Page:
Happy Investing! 


Tuesday, January 13, 2015

Investment versus Speculation: Don’t Be a Money Loser.

As a “value-investor,” I follow the teaching primarily of Benjamin Graham. Graham wrote the definitive book on value investing, “The Intelligent Investor,” and in the following series of articles I will discuss and synthesize Graham’s core lessons, as well as relate and apply them to our contemporary investment climate.

A primary theme often returned to by Graham in his writings is that of Investment versus Speculation. An investment is noted as something that “upon thorough analysis, promises the investor safety of principal and an adequate return.” Of course, that sounds perfectly clear and reasonable to most, but the sentence does require some unpacking.

Many people that call themselves investors are actually speculating, which means they are basing their decisions on market graphs, emotions, investment fads, and inadequate analysis of the securities or assets that they buy. Sometimes “speculation,” or buying and selling assets without doing your research, can be fun, but it should never be confused with true investing. And never, and I mean NEVER, should it occupy more than 5% to 10% of your total portfolio.  

So what is considered “investing”? Firstly, a true “investment” is made upon thorough analysis and research. What does thorough analysis involve? At its basic level, it would involve evaluating the financial statements of a company for at least a 5 year period, and preferably more. This would include their balance sheet, cash flow statement, and income statement. What exactly one is looking for in each of these statements will be covered in a later article, but at the present, keep in mind that, at a minimum, this needs to be done by yourself, or by whoever you pay to look after your investments, on a regular basis.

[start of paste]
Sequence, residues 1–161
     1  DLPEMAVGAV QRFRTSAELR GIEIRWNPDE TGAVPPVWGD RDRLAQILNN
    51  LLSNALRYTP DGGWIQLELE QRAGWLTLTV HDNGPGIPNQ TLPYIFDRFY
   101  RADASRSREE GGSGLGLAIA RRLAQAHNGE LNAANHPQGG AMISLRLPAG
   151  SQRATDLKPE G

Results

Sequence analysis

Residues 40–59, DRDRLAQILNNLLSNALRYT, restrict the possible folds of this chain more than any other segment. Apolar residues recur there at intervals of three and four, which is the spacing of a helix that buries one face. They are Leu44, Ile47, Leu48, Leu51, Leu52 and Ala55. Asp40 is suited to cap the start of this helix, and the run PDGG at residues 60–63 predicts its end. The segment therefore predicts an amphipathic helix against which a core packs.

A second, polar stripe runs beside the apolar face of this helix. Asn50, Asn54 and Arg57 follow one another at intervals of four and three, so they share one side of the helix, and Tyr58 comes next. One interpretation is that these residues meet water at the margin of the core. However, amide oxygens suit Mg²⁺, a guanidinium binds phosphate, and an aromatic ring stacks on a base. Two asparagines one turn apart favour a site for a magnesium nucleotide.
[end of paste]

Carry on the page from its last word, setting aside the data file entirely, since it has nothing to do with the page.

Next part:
A thorough analysis must also include an examination of the current competitive position and atmosphere for the company. For instance, does the company dominate its industry? Or does it have a veritable barrage of competition in the marketplace? Does the company need to keep inventing products to stay profitable in the foreseeable future? Or does the company possess a “durable competitive advantage” in the marketplace? Does the company appear to be on the right side of the blowing social and political winds? Or is it about to face massive lawsuits that might cost billions? These, and many others, are questions that need to be asked by an “investor.”